“Love is the capacity to take care, to protect, to nourish. If you are not capable of generating that kind of energy toward yourself, it is very difficult to take care of another person. In Buddhist teaching, it is clear that to love oneself is the foundation of the love of other people.”
Thich Nhat Hanh
In my practice, there are some recurring themes. When they keep showing up in session or in training, it is a sign that they are of great importance. There have been a lot of signs pointing to self care lately. On the plane to the IITAP conference, the above reading from Thich Nhat Hanh struck me as rather profound and I immediately related it to many of my clients.
In therapy we often talk about the need for self care. There are certain phrases that I hear quite often from clients when we talk about the need for them to engage in more self care. The most common phrase is “I can’t.” If I had a dollar for every time I heard “I can’t” I would be able to treat everyone free of charge!
“I can’t take time to meditate, do yoga, exercise, read a book, walk the dog, have lunch with a friend. I can’t go to 12 step because I have to (insert reason/excuse here).”
Another reason that many clients in recovery don’t take or make time for self care is either the reaction of loved ones or their perception of the possible reaction of loved ones. My husband won’t be happy if I go to too many meetings in the evening and he has to put the kids to bed. My partner keeps asking why I have to go to meetings and wants me to stay home to watch a movie with her. These are two of many, many possible examples of how doing for others can become a priority instead of doing for ourselves.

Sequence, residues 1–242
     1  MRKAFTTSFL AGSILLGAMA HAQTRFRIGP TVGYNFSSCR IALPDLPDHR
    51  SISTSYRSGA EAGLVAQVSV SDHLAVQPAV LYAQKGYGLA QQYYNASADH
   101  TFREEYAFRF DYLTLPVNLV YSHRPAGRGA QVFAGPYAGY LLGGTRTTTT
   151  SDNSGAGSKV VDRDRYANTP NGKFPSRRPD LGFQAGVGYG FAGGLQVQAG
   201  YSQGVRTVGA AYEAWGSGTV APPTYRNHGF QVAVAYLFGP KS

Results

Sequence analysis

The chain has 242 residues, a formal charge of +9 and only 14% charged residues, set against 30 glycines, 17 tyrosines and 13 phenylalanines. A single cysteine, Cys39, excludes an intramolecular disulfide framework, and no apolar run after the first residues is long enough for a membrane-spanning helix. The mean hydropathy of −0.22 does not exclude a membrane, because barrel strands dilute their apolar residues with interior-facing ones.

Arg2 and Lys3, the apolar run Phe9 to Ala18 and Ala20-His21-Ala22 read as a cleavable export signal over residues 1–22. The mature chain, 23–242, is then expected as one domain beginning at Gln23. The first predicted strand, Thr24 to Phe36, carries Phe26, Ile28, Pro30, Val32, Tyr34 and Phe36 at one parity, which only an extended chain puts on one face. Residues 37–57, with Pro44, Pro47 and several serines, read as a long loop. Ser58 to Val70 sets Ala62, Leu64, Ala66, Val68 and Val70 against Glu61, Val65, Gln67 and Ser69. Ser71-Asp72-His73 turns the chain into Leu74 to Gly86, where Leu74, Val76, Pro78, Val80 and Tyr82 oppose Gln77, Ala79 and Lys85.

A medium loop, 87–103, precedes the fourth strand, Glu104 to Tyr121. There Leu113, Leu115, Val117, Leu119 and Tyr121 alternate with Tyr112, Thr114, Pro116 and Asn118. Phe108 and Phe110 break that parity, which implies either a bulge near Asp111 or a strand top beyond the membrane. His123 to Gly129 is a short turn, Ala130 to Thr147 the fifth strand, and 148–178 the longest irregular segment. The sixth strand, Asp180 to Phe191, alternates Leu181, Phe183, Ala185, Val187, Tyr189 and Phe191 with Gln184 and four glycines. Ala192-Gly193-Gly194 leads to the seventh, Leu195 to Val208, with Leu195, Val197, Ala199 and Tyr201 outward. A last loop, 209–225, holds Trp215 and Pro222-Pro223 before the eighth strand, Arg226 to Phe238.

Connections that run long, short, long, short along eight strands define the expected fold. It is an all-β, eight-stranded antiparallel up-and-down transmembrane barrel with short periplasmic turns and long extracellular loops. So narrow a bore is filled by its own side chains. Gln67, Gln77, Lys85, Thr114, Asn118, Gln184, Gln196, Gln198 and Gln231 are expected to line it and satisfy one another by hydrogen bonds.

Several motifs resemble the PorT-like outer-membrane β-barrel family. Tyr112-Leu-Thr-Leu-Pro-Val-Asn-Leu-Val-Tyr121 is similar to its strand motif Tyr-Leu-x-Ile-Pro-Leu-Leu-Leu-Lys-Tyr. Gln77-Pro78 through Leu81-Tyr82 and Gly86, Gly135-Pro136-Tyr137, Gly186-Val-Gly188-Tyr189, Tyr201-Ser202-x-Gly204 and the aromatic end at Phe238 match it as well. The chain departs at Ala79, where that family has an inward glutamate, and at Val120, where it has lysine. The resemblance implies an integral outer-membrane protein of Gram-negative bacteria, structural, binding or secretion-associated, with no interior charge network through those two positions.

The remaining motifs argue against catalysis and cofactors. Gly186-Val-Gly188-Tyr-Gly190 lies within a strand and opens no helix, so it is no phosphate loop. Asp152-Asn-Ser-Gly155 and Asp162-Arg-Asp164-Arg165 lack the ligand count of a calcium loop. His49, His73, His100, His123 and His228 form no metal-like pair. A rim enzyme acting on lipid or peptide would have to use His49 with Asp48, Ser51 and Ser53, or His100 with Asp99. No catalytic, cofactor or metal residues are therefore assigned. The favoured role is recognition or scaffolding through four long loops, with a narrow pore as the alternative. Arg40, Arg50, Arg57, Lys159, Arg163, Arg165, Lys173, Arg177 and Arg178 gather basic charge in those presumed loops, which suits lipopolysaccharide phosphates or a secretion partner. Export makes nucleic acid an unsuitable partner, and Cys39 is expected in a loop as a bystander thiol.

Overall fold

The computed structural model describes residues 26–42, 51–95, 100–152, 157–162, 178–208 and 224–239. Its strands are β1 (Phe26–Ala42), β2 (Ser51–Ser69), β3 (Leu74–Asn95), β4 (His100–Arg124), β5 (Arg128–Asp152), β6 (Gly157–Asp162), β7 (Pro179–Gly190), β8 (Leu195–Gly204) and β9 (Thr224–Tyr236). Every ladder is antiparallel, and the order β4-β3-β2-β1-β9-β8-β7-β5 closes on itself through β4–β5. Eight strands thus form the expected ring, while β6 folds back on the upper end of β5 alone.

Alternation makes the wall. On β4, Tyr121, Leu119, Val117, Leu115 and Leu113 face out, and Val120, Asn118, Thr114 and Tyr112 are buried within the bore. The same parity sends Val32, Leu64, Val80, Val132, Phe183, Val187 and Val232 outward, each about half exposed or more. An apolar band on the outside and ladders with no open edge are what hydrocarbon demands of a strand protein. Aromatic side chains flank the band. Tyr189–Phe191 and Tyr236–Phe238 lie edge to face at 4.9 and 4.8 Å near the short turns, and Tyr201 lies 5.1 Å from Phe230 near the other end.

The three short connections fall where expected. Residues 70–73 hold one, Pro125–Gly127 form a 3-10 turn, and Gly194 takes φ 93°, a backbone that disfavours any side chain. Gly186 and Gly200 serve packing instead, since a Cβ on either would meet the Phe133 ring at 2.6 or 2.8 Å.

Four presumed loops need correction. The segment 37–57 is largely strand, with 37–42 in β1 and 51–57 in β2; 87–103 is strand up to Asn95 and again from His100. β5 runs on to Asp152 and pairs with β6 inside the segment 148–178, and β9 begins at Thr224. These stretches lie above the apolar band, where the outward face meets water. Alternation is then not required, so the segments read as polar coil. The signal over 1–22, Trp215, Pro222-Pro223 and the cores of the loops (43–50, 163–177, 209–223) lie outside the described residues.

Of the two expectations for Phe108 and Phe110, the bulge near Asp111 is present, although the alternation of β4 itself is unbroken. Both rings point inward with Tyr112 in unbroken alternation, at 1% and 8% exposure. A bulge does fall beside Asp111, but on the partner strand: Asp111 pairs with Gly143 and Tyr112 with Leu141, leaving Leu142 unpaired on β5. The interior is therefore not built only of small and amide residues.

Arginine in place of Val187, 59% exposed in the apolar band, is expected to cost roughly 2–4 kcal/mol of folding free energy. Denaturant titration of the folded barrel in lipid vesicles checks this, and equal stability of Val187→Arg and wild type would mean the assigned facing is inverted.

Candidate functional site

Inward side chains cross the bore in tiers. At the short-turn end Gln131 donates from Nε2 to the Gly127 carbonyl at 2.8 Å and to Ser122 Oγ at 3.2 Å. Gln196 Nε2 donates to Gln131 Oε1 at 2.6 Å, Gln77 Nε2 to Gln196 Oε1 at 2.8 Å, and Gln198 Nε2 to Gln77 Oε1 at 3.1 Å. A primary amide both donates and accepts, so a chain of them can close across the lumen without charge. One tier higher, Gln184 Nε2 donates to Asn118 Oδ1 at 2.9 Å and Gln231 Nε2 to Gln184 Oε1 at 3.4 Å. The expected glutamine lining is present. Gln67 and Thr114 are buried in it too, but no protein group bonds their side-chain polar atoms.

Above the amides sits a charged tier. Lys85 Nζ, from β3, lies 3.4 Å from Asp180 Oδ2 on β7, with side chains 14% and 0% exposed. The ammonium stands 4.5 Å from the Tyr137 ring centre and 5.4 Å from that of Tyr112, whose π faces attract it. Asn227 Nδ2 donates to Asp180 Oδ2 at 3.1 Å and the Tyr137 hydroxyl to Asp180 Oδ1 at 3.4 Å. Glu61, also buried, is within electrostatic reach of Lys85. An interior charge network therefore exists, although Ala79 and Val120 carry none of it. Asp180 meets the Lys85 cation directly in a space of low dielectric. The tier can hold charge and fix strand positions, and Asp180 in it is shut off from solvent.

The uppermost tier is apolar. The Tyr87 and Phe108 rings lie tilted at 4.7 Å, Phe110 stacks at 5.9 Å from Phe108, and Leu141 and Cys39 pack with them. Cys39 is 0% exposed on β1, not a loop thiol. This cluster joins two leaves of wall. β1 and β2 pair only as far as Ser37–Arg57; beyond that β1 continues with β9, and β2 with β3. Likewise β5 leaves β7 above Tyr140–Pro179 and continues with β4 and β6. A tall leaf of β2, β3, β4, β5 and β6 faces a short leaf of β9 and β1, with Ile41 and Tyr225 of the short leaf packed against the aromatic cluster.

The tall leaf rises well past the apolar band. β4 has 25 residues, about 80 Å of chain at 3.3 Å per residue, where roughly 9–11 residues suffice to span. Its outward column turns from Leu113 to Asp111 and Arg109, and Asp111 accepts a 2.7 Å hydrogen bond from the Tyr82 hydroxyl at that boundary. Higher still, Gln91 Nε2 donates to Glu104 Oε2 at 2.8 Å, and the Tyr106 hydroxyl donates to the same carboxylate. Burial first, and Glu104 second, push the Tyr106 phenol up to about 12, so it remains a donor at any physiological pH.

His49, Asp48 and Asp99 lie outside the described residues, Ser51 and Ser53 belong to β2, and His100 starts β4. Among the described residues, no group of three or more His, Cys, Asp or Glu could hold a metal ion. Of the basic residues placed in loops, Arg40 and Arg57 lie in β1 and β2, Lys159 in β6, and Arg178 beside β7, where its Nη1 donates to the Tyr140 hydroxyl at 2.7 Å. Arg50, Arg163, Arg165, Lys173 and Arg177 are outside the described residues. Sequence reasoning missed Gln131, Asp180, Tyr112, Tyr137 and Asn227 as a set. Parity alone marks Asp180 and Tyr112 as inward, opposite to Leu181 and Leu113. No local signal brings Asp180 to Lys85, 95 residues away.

This often sounds counter intuitive to someone early in recovery. “My entire addiction has been selfish and self centered. I spent my time acting out and not thinking of others and now you want me to focus on myself? Haven’t I been selfish enough?”
My fundamental answer to this is that self care is not selfish. Self care is essential. If we don’t take care of ourselves, we cannot take care of anyone else. If a person is not taking care of herself, working a program, grounded and centered, she may end up taking it out on her kids by yelling or snapping at them. If a person is not taking care of their physical and emotional health and well-being, eventually they will hit burn out and won’t be able to take care of anyone, themselves included.
I really like an exercise in an old school ACOA book called Adult Child’s Guide to What’s “Normal”. You make a circle for yourself and then surround your circle with those things in your life, such as work, husband/wife, kids, family, friends, program. Then you draw arrows from you to each circle that represent the flow of energy between you and the other circle at the present time. For example, if all my energy is going into work and I am not getting any energy back, I am out of balance with work. If all my energy is going into my friendships without getting energy back, I am out of balance. Worst case scenario, when we are not practicing self care, all the arrows point away from you and no energy is flowing into you. You can’t maintain all output and no input for any period of time. For some of us this leads to burn out. For others this leads to relapse.
When relapse is a possible outcome of lack of self care, it becomes obvious. Self care is NOT selfish. It is essential.